What about #4? Here’s where it gets interesting. Paul’s implication is that a “non-combatant” is a harmless person, but this is not necessarily so. Many criminals are “non-combatants”. They are not members of organisations on some terrorist list or have some pre-established agenda that involves killing Americans. They may just be violent, arbitrary individuals. Imagine that we have a mass shooter who comes to a school during recess and begins killing children. He’s hunting them through the playground, they’re trying to hide wherever they can, behind trees, in the tube slide, or what have you, and he’s taunting them pretending it’s hide and seek and picking them off one by one. Now, say that the police have a drone, and that they can get this drone to the school faster than they can get an officer there. Every moment lost is a moment in which the shooter kills another kid. Surely the police department is morally obliged to send the drone out immediately and kill this fellow with it? We would not begrudge the police the use of their handguns if a criminal genuinely threatened to shoot one of them, and we don’t ask them to get warrants before they fire in those emergency situations. Begrudging them the use of drones is no more sensible.
Of course, the use of drones, just like the use of guns by police officers, should be well-regulated. In most cases, the state should get a warrant before sicking a drone on someone. But just as there are some circumstances in which a police officer must shoot first and ask questions later, there are some circumstances in which the state must use the drone immediately or risk terrible consequences. No rule should be made without any exceptions, any mitigating circumstances. By pressing the administration to give a universal yes/no commitment, Paul is not taking a comprehensive view of the moral position the state is in. Good regulations are needed and should be added or expanded where they do not exist, but drones themselves are merely tools. Their use is right or wrong based on the results said use produces, not due to any intrinsic characteristics of drones themselves as weapons.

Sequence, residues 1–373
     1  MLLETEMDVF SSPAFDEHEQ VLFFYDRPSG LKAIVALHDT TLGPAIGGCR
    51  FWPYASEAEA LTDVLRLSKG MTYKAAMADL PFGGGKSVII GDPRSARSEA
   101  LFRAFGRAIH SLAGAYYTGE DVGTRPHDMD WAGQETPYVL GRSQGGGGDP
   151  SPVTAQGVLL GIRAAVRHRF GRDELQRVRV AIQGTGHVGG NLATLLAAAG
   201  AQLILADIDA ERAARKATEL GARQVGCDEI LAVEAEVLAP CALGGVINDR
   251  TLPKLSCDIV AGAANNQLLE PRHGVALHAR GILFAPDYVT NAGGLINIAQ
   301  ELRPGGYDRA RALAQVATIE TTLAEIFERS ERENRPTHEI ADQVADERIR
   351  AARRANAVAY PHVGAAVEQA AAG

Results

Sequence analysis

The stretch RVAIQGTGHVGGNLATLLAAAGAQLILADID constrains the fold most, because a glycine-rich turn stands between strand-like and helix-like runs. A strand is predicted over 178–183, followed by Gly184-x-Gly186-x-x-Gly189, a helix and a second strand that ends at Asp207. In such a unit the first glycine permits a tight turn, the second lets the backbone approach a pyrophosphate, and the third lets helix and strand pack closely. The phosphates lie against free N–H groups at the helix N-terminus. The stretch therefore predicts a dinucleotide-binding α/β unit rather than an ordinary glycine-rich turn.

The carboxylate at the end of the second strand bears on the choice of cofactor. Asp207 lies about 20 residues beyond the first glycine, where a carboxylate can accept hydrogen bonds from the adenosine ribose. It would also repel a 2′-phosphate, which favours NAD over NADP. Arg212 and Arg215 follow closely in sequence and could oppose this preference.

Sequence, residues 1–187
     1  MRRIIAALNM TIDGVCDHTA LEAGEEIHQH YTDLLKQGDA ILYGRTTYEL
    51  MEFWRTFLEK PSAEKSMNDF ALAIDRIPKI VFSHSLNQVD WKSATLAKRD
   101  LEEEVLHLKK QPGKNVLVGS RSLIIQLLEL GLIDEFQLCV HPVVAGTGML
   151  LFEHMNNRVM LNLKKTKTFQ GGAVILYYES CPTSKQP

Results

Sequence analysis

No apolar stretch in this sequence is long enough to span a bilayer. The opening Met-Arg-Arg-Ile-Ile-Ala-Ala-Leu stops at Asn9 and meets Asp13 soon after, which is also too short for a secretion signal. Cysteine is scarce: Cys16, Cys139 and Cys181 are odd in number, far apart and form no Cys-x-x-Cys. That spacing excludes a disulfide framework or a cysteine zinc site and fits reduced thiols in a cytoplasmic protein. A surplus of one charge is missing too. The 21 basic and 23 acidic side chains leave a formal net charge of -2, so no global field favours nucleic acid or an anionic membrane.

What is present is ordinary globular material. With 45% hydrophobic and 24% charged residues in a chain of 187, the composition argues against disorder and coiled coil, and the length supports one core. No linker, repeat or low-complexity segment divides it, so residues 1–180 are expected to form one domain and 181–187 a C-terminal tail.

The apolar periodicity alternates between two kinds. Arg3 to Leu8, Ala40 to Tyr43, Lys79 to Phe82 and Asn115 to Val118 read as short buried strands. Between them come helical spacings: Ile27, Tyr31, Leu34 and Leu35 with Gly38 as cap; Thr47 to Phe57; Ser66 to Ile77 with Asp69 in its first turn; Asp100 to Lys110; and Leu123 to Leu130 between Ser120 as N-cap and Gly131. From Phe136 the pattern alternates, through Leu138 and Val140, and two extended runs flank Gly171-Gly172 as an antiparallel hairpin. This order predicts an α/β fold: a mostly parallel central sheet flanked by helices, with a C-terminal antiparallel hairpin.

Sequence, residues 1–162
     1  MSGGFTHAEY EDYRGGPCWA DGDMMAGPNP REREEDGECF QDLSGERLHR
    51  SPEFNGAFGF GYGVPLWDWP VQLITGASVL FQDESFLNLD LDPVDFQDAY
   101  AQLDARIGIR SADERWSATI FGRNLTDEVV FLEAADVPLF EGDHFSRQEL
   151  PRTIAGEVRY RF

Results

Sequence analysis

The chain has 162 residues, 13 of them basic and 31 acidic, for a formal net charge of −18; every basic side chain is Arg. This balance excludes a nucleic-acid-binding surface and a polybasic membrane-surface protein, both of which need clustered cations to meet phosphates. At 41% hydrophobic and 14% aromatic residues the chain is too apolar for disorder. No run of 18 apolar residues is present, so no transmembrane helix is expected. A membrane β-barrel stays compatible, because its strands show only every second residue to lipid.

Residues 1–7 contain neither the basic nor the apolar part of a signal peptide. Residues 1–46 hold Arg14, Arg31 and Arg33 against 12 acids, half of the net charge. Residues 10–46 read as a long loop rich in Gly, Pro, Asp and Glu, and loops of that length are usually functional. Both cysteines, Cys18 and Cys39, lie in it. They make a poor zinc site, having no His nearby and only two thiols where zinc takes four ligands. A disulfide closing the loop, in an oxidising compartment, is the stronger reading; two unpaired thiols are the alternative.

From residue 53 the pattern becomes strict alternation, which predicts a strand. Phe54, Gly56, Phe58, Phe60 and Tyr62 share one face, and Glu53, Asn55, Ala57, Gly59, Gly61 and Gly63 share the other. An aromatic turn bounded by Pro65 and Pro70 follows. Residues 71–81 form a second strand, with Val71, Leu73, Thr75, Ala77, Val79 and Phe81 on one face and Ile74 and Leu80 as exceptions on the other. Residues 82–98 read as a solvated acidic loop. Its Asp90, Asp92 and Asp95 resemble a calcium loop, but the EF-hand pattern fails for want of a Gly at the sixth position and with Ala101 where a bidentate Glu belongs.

One final thing about this Rand Paul filibuster–Paul knew from the outset that Brennan was going to be confirmed. He took this opportunity to grandstand and make a point. I don’t have a problem with making points, but what I do take issue with is the emotional manipulation of Paul’s use of the filibuster. Paul attempted to look courageously defiant not because that defiance was to serve any immediate practical end, but in order to manipulate the public into sympathising with his position and donating funds to his campaign and to his party. Paul did not use his filibuster to make any kind of broad philosophical argument to appeal to people’s logic. Instead, he used the language of defiance and made bold assertions of principles without justifications for them. His hope is that the viewer will feel intuitive agreement with Paul’s position and support Paul on that basis. In so far as he is successful, he does not advance the cause of free thought or liberty, he degrades these things by reducing the debate to one of feelings and intuitions forming the basis of assertions and counter-assertions. Those that deem him “presidential” demonstrate a deep incompetence with regard to what makes a good argument, and likely also make rather bad voters. They are being misled by their emotional connection to the filibuster as a bold, brave act of honesty. In reality, it is attention-seeking obstructionism. That is all it has always been, and it has never done the least bit of good for the quality of discourse in the United States. The senate would be best off scrapping it.